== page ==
Monday, October 6, 2008

Speckled egg, tiny transplant, coop expansion

This is the prettiest egg so far from our hens!  This one was Pauline's, but with wonderful, purple-ish spots.  We are buried in eggs right now.  I just gave away 18, and by the end of today there will be 24 more sitting in the fridge.  No matter how beautiful they are, I can't come up with enough ways to cook eggs.  4 a day is just way too many for two people.  Soon the hens should slow down and maybe even stop laying for the winter.  I need to savor the feast of eggs now, in preparation for the possible egg famine.

We have added an expansion to the chicken coop, another 5 x 3 foot section.  This is necessary because their garden foraging is forcing me to keep them penned most of the time now; at least until we can figure out a way to keep them out of the vegetables.  We had not yet roofed the new pen section this morning, but we figured the 6 foot tall wire and relatively narrow space would be enough to keep them in.  No such luck.  Expresso and Lena were casually walking around the yard when I went to leave the house.  A temporary fish netting roof should hold them in until we buy some roofing.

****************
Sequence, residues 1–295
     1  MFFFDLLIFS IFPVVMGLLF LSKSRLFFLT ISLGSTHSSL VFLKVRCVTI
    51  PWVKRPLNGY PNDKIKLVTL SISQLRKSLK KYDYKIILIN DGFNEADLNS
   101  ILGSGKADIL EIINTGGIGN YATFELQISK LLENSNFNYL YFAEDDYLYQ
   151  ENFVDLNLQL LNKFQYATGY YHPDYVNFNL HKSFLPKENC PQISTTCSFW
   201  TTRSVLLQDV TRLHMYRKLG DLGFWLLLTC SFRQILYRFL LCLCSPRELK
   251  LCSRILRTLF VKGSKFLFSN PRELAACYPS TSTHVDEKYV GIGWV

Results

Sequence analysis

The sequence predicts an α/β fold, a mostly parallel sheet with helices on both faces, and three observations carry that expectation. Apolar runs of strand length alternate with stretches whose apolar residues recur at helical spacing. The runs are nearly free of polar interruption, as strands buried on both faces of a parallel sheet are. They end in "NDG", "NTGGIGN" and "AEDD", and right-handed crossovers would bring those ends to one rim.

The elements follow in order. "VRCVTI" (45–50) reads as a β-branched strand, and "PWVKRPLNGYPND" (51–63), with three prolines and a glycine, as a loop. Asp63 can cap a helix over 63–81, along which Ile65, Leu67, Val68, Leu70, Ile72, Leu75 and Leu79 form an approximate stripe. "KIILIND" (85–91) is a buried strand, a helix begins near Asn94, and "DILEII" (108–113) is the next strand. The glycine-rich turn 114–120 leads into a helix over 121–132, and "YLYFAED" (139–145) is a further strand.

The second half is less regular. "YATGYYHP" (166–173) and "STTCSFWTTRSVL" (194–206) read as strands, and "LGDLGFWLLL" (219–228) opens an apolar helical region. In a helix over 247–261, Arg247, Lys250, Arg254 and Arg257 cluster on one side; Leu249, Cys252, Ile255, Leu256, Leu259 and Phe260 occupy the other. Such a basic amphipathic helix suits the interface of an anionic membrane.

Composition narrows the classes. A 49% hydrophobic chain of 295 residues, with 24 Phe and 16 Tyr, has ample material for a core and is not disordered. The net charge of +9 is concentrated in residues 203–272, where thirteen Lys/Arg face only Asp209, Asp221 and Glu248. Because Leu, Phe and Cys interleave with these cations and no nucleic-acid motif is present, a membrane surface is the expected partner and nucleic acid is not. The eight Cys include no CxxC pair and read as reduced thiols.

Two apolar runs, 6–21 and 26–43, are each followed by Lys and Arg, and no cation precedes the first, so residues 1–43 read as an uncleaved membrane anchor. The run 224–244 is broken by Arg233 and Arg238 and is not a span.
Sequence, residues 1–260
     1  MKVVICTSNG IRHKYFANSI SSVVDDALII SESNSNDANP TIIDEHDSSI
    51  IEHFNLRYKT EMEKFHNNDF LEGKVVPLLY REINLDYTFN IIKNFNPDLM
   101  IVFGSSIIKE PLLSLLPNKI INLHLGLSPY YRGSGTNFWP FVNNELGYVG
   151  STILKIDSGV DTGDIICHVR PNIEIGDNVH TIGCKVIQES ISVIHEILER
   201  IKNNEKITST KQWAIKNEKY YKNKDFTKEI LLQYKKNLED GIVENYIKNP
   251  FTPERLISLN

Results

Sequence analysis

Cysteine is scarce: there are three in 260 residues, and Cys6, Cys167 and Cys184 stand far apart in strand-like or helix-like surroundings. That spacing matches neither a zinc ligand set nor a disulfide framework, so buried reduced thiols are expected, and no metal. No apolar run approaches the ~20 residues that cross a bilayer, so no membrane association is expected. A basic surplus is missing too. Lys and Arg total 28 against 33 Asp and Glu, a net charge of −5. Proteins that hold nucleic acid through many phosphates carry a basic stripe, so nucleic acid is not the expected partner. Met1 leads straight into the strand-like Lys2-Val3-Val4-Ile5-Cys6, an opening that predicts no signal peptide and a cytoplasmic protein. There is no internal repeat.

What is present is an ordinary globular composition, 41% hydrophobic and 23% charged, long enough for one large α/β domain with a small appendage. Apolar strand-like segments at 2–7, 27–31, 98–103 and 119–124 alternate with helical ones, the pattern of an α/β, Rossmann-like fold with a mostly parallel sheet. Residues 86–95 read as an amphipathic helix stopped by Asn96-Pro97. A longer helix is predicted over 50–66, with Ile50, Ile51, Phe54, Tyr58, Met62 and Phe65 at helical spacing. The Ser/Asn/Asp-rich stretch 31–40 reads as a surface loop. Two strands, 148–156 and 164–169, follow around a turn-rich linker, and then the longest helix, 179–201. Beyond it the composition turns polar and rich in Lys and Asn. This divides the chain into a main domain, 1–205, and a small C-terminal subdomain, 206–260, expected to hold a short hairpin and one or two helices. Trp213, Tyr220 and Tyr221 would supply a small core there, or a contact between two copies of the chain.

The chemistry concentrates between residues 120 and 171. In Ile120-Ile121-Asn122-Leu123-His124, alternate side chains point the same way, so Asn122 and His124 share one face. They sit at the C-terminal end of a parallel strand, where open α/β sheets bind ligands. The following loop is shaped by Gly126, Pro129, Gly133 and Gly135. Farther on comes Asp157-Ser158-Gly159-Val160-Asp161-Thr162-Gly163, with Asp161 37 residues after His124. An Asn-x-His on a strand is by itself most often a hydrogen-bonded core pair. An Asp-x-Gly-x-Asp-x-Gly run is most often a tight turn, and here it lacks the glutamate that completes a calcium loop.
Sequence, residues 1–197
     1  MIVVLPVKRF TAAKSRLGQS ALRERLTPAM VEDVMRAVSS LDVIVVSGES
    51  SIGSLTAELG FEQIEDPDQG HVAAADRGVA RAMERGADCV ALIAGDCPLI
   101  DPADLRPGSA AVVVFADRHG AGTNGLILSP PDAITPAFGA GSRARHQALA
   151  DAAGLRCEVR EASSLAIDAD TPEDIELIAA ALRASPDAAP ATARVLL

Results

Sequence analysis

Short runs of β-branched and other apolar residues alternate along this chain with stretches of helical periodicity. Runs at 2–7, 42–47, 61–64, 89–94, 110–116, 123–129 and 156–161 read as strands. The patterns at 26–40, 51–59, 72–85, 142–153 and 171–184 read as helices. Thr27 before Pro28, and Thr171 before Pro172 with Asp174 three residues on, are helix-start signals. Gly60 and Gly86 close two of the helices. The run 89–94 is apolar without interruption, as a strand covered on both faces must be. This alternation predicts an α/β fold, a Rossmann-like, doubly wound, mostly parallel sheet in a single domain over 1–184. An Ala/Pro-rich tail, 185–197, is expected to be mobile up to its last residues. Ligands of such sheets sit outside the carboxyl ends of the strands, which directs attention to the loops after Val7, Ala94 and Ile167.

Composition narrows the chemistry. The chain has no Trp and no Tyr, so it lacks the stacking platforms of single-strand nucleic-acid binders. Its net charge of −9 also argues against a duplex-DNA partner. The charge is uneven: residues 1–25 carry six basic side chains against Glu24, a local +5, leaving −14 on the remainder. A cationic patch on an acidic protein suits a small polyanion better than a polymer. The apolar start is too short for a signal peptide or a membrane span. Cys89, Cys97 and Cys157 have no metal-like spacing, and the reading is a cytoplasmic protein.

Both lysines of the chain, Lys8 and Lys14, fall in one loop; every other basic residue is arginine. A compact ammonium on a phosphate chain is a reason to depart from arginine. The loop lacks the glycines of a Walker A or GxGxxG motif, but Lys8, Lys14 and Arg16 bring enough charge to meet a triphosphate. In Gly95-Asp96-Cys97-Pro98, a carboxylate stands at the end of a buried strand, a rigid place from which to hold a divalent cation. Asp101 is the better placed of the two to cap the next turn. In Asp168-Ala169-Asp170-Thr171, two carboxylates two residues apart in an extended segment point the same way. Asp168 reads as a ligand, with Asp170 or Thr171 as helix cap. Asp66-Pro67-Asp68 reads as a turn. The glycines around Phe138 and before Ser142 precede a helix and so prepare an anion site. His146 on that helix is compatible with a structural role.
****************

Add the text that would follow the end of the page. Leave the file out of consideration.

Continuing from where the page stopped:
I worked this weekend on salvaging what I could of the vegetable garden.  The chickens had left the broccoli as mere stumps, without a leaf in sight. There were tiny leaf buds forming, however, so I left the stumps in place to see if the plants actually recover.  My husband had put fencing over one part of the garden, so some tiny new kale plants survived.  I spent the weekend transplanting every other tiny plant to a space in the garden left bare by the hens.  The plants were pretty small, as you can see, so I don't know if they will survive.  

I have high hopes that, despite all the setbacks this fall garden has experienced, we will see some very late greens.  I planted some leftover lettuce seeds on Sunday, and plan to order more.  Part of a row of carrots and a few beets also survived under the hen-proof wire, so they remain as well.  Although the hens had nipped the tops off most of the new arugula and russian kale plants, a few retained their growing points, so I thinned out all the decapitated ones, and hope the others fill in.  With the hens restricted to their new coop, there is some hope for my poor garden at last.